Several former Chicago Bulls players believe Scottie Pippen got the short end of the straw during “The Last Dance” documentary and feel he should have been portrayed better.
Craig Hodges, Bill Cartwright and Horace Grant discussed Pippen’s portrayal in discussion with BetOnline on Wednesday. All three former players felt Pippen should have been treated more fairly and that Chicago may not have had some of its great success without Pippen.
The players mentioned Pippen electing not to rehab an injury until the start of the 1997-98 season and how Pippen sat for the final seconds of a 1994 playoff game against the New York, which the documentary revealed was addressed in the locker room after the game.
“It was straight-up bulls—t. It was straight-up bulls—t how they portrayed Scottie,” Grant said. “First off, being the No. 2 on that team and how he came out in terms of against Utah could barely walk, setting screens, getting knocked on the floor, the whole nine yards, and for them, that documentary, to call him…well, MJ called him selfish, that’s some BS. That’s straight-up BS.
“If it wasn’t for Scottie Pippen there would be no six championships. I’m telling you right now guys. The first championship I think MJ got in foul trouble against the Lakers and who came to the rescue? No. 33. Scottie Pippen. Scottie Pippen. Yes, he made a mistake. We addressed that after the game. And then it was over with and we took the Knicks to seven games. My question is: How in the hell did that get on this documentary when MJ’s a-s wasn’t even on the team.”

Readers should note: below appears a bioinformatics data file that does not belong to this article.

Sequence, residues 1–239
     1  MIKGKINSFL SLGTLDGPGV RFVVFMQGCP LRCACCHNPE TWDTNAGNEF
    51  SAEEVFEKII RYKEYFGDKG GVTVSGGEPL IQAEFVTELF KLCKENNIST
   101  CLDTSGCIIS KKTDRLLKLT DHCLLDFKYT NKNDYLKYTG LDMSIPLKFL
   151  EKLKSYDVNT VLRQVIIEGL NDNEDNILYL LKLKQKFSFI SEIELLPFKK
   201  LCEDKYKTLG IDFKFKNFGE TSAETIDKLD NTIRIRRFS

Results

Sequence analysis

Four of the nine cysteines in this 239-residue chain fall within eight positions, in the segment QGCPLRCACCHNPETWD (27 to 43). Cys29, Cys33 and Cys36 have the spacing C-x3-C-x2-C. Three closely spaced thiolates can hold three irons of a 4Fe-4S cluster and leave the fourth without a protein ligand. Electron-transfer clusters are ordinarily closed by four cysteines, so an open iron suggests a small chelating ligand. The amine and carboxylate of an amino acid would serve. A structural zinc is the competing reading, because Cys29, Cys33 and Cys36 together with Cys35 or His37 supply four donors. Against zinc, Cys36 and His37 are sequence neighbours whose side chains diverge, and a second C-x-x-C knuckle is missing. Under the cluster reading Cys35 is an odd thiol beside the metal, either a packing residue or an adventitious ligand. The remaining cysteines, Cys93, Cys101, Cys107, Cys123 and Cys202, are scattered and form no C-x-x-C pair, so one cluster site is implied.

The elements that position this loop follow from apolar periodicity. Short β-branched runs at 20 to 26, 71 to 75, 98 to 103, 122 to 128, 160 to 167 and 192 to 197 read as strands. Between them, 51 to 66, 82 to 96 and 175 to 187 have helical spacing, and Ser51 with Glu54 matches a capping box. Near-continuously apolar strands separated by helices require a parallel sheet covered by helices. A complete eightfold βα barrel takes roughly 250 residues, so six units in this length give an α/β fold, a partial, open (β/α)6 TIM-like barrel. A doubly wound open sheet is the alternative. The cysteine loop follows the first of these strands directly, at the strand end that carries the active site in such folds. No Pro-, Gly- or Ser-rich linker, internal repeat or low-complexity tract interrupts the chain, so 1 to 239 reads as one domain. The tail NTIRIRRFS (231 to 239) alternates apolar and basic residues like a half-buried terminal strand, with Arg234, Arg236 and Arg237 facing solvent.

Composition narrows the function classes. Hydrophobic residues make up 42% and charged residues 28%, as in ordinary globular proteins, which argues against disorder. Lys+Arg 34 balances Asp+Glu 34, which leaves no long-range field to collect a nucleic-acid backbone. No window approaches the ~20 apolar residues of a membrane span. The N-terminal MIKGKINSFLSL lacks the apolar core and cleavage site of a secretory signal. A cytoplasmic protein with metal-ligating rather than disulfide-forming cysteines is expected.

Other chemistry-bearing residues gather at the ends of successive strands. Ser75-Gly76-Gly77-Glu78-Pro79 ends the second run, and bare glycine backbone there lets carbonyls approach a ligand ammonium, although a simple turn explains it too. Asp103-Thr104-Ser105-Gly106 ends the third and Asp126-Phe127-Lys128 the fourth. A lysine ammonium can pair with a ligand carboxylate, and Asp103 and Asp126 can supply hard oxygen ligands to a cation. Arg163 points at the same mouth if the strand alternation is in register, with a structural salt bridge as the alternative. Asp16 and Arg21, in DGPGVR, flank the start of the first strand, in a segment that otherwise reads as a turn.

Cartwright said that the 1993-94 season was when Pippen evolved as a player because he didn’t have Jordan and made a mistake in the infamous Knicks game.
“It’s interesting that when the play when Pip did not come back in the game, that was Pip’s best year. He had evolved into a leadership role, played great,” Cartwright said. “To me, people make mistakes and then you move on from them. I think Scottie has a big heart. And when I first got to the Bulls he wasn’t a great shooter, skinny, extraordinarily talented, so everything he had he worked for. For me Pip was a great teammate and like I said it was one man’s show and that’s what they saw. But that’s not really reality.”
Hodges was Pippen’s teammate for the final four years of his career, from 1989 to 1992. He said he feels like Michael Jordan would not have won anything without Pippen.
“I’m still kind of upset about it because I know the type of brother that Scottie is. Scottie is the type of brother, I wasn’t part of the team when he didn’t stand up and come back out and play during that play, but I know that Scottie is the type of cat that will give his shirt for you, go on the ground for you and kick out the shot for you. I didn’t like how he was portrayed and I don’t understand the reasoning behind it and I’m still trying to figure that out,” Hodges said.
“Without Scottie, MJ would not have won. It’s like all the brothers sitting here. It’s almost like MJ won in a vacuum and it wasn’t anything like that. To throw your brother, especially no. 33, under the bus, that wasn’t cool.”
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According to David Kaplan of ESPN 1000 in Chicago, Pippen, who won six NBA championships with Jordan and the Chicago Bulls during the ‘90s, is “so angry” and “beyond livid” at his teammate for how he came across in the documentary.
Pippen’s unhappiness derives from Jordan calling him "selfish" and that he "didn't realize what he was getting himself into" with the 10-part series that spanned five weeks.
"[Pippen] felt like up until the last few minutes of Game 6 against the Jazz [in the 1998 NBA Finals], it was just 'bash Scottie, bash Scottie, bash Scottie,'" Kaplan said Wednesday.
Fox News’ Dan Canova contributed to this report.